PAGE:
SURREY — A group called Parents United Canada says it is filing an “urgent” human rights complaint after it was told it could not rent the Bell Performing Arts Centre for a rally next month to inform parents about efforts to stop a curriculum program called SOGI 123.
The contentious program, according to sogieducation.org, “equips educators of all backgrounds and experiences with tools and resources for supporting marginalized LGBTQ students and for creating safer and more inclusive school environments for all students.”
“There will be a human rights complaint filed today, it’s ready to go,” Kari Simpson, president of a group called Culture Guard, told the Now-Leader Monday morning. “There will also be a letter from our lawyers going to the school district saying do you want to go down this road.
“We also have enough inside information from what’s going on inside the school district to know this is a political situation where they are targeting our group.”
Simpson said her group is asking the tribunal to “deal with this immediately, on an urgent basis,” based on Section 8 of the BC Human Rights Code.
“They can’t deny a service to somebody based on political, religious reasons.”
So what’s all the fuss about?
Simpson says teachers are being told to not to refer to boys as boys and girls as girls “because they can be anything they want and everything in between.”
She called it an abuse of the public education system, and a “political program, brainwashing students” from Kindergarten to Grade 12.
“They circumvented parental notification.”
Simpson said her group was expecting an overflow crowd at the Bell Centre for the Nov. 22nd rally.
That was, until Friday.
“The Surrey school board has denied our rental of the Bell Centre, and they just informed us today (Friday), saying that it doesn’t fit with their policies,” Simpson told the Now-Leader last week.
“My understanding is it was the superintendent himself that was responsible for conveying the message to the manager of the Bell Centre.
“We also have it in writing that this is the case but there’s no specifics as to exactly what policy we are contravening so my lawyers are putting together a letter right now. You cannot discriminate against a group just because you don’t agree with them, whether it be politically, or ideologically or anything else, and deny them a service. The BC Human Rights Code prohibits that kind of descriminatory practice.”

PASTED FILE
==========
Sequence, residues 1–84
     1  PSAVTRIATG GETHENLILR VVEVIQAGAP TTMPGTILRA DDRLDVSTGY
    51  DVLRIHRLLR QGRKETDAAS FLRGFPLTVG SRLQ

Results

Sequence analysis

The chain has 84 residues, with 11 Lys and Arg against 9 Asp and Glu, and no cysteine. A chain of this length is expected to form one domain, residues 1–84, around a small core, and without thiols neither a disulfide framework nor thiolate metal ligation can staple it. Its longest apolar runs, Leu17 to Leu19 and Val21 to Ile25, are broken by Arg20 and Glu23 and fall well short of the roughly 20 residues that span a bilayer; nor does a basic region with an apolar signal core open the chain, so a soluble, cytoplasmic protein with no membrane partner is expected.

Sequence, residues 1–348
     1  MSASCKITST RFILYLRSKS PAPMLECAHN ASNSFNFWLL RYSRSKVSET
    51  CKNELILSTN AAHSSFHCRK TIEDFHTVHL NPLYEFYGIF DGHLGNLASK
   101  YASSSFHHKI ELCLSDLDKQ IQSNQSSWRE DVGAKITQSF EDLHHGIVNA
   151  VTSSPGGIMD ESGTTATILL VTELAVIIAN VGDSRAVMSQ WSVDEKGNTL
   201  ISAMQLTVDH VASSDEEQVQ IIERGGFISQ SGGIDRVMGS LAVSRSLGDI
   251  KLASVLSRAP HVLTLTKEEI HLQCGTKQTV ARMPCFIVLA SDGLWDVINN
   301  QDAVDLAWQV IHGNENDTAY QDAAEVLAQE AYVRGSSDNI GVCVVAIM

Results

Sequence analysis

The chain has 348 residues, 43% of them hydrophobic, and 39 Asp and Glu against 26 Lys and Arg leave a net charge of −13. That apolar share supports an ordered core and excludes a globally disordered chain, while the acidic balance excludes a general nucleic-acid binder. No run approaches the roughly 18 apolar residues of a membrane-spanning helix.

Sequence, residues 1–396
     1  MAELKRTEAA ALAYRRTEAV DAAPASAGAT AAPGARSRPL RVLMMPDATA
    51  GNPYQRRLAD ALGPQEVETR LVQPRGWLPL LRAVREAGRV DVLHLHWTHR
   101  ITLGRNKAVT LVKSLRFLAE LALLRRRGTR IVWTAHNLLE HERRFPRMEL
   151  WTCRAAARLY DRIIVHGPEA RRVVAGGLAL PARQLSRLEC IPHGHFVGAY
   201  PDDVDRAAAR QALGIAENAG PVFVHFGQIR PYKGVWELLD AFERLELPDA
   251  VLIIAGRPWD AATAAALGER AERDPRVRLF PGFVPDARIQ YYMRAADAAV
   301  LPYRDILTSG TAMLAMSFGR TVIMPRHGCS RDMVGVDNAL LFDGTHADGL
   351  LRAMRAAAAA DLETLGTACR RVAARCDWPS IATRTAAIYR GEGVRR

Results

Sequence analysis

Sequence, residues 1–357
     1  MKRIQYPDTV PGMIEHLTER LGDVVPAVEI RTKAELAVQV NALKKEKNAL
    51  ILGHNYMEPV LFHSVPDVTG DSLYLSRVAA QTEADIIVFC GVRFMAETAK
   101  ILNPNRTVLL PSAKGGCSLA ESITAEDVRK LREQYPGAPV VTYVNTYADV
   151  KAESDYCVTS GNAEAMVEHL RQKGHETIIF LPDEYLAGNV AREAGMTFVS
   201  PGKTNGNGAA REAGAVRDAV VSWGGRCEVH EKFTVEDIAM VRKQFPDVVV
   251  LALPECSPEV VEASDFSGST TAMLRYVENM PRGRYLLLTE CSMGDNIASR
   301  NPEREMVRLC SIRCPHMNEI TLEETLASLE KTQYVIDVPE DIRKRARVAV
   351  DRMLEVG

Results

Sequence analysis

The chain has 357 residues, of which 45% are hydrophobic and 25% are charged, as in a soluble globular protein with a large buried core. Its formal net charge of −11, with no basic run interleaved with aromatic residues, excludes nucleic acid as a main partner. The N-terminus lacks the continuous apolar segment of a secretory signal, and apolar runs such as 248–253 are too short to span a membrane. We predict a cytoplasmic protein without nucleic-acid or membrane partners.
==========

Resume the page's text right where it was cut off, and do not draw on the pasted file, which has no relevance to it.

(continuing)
Surrey School District spokesman Doug Strachan said Friday the district has a policy that it can deny use of a facility if there are “reasonable grounds to believe” it could lead to a “protest,” adding there’s indication that that could happen.
Strachan said the district’s concern is about liability for potential damage.
The Now-Leader obtained a letter from Simpson to her organization, from Steven Goodman, manager of the Bell Performing Arts Centre, that reads: “Thank you for your interest in booking the Bell Performing Arts Centre for your meeting. As explained on the phone, the Executive Committee of the Surrey School District has determined that this event does not align with the policies of the Surrey School District. Your rental request has been denied on this basis.”
Simpson said the organization is looking for a venue that can accommodate up to 15,000 people for a rally. She said her group is planning to file a request for an injunction “probably within the next two weeks” aiming to stop SOGI 123.
“It’s political suicide to piss off the parents,” Simpson said. “I have never seen anything like this,” she said, speaking about opposition to the school program.
“I think it’s the straw that’s breaking the camel’s back.”
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